Cell Biochemistry and Biophysics

, Volume 54, Issue 1–3, pp 11–22 | Cite as

Mechanical Design of Translocating Motor Proteins

Review Paper


Translocating motors generate force and move along a biofilament track to achieve diverse functions including gene transcription, translation, intracellular cargo transport, protein degradation, and muscle contraction. Advances in single molecule manipulation experiments, structural biology, and computational analysis are making it possible to consider common mechanical design principles of these diverse families of motors. Here, we propose a mechanical parts list that include track, energy conversion machinery, and moving parts. Energy is supplied not just by burning of a fuel molecule, but there are other sources or sinks of free energy, by binding and release of a fuel or products, or similarly between the motor and the track. Dynamic conformational changes of the motor domain can be regarded as controlling the flow of free energy to and from the surrounding heat reservoir. Multiple motor domains are organized in distinct ways to achieve motility under imposed physical constraints. Transcending amino acid sequence and structure, physically and functionally similar mechanical parts may have evolved as nature’s design strategy for these molecular engines.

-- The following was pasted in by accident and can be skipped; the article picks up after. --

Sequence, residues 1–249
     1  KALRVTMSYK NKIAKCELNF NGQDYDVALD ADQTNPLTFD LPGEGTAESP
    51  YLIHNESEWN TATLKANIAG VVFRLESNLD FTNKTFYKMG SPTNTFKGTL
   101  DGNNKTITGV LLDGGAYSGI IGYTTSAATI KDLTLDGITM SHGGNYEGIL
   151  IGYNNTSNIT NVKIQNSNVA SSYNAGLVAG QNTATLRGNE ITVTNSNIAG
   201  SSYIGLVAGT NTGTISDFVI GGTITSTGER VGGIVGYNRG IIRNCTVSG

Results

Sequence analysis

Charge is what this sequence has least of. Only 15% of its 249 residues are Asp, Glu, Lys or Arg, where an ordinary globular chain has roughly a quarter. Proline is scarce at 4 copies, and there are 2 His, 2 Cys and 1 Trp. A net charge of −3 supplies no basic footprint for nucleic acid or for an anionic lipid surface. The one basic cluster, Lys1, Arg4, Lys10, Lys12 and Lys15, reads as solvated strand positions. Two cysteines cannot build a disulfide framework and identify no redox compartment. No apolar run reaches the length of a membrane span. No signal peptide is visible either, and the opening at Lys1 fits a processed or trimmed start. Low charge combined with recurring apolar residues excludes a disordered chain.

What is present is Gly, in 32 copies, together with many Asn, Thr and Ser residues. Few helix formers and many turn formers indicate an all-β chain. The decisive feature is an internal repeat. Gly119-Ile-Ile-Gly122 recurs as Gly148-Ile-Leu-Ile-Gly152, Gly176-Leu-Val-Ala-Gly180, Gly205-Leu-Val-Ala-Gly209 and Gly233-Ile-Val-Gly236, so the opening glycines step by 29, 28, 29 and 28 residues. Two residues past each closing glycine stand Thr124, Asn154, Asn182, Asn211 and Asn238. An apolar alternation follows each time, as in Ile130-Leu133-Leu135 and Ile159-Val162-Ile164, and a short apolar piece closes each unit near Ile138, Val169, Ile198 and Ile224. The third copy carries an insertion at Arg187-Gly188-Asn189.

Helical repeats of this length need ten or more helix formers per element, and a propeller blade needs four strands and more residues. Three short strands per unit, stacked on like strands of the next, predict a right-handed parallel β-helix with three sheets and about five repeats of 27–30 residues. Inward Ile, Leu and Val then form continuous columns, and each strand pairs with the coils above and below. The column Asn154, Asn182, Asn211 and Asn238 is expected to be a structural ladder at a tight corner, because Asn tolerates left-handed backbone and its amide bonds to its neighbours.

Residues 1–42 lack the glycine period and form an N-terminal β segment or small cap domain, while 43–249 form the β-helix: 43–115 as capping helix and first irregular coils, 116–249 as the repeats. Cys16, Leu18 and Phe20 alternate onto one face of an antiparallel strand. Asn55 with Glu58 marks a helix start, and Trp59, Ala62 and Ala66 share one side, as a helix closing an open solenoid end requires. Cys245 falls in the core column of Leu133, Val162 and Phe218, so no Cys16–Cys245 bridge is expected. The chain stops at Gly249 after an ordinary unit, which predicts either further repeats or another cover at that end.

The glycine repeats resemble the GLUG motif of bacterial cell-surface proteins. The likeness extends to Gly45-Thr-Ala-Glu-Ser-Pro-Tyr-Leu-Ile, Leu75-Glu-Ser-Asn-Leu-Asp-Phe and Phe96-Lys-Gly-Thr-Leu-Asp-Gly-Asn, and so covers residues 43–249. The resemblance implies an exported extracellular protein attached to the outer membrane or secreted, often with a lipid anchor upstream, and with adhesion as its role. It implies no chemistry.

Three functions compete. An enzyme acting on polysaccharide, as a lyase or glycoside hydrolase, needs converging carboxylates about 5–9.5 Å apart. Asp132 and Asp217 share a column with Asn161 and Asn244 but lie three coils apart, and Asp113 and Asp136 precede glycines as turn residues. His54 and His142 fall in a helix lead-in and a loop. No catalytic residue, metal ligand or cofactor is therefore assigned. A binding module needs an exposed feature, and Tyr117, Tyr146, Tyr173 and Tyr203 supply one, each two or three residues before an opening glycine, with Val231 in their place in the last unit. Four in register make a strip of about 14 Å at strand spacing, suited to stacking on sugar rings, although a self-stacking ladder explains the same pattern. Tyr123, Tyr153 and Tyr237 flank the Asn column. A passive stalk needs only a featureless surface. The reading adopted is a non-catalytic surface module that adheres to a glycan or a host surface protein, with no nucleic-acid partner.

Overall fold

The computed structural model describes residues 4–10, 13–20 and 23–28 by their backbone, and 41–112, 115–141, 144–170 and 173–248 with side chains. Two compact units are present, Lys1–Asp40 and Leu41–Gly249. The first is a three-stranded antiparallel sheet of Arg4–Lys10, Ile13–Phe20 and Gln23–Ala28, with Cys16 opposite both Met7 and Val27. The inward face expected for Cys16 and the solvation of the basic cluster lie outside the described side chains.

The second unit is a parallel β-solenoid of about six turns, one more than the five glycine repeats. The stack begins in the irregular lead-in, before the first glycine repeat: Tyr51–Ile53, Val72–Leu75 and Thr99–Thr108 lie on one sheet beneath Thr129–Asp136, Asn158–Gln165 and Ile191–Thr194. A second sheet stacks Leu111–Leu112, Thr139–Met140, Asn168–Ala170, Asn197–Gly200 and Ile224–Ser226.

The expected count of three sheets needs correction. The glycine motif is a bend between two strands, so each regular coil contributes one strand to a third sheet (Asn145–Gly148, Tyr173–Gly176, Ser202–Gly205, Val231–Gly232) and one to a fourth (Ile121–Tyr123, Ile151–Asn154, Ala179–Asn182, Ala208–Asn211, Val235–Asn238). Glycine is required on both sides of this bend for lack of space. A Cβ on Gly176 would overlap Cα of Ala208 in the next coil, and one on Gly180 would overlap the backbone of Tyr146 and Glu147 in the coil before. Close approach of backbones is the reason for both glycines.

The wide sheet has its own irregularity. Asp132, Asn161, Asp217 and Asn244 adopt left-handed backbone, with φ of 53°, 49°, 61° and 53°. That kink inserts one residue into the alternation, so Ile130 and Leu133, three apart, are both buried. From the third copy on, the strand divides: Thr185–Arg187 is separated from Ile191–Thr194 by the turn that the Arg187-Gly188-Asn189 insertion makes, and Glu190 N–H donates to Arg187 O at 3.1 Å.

Kinesin Myosin DNA motor Chaperone Ribosome Mechanochemical cycle Fish model 



We thank Martin Karplus and anonymous reviewers for valuable input on the manuscript. This work was funded by the National Institute of Health grant R21NS058604.


  1. 1.
    Abbondanzieri, E. A., Greenleaf, W. J., Shaevitz, J. W., Landick, R., & Block, S. M. (2006). Direct observation of base-pair stepping by RNA polymerase. Nature, 438, 460–465.CrossRefGoogle Scholar
  2. 2.
    Adamovic, I., Mijailovich, S., & Karplus, M. (2008). The elastic properties of the structurally characterized myosin II S2 subdomain: A molecular dynamics and normal mode analysis. Biophysical journal, 94(10), 3779–3789.PubMedCrossRefGoogle Scholar
  3. 3.
    Ali, M. Y., Krementsova, E. B., Kennedy, G. G., Mahaffy, R., Pollard, T. D., Trybus, K. M., & Warshaw, D. M. (2007). Myosin Va maneuvers through actin intersections and diffuses along microtubules. Proceedings of the National Academy of Sciences of the United States of America, 104, 4332–4336.PubMedCrossRefGoogle Scholar
  4. 4.
    Ali, M. Y., Lu, H., Bookwalter, C. S., Warshaw, D. M., & Trybus, K. M. (2008). Myosin V and kinesin act as tethers to enhance each others’ processivity. Proceedings of the National Academy of Sciences of the United States of America, 105, 4691–4696.PubMedCrossRefGoogle Scholar
  5. 5.
    Asbury, C. L., Fehr, A. N., & Block, S. M. (2003). Kinesin moves by an asymmetric hand-over-hand mechanism. Science, 302, 2130–2134.PubMedCrossRefGoogle Scholar
  6. 6.
    Astumian, R. D. (1997). Thermodynamics and kinetics of a Brownian motor. Science, 276, 917–922.PubMedCrossRefGoogle Scholar
  7. 7.
    Block, S. M. (2007). Kinesin motor mechanics: Binding, stepping, tracking, gating, and limping. Biophysical journal, 92, 2986–2995.PubMedCrossRefGoogle Scholar
  8. 8.
    Block, S. M., Asbury, C. L., Shaevitz, J. W., & Lang, M. J. (2003). Probing the kinesin reaction cycle with a 2D optical force clamp. Proceedings of the National Academy of Sciences of the United States of America, 100, 2351–2356.PubMedCrossRefGoogle Scholar
  9. 9.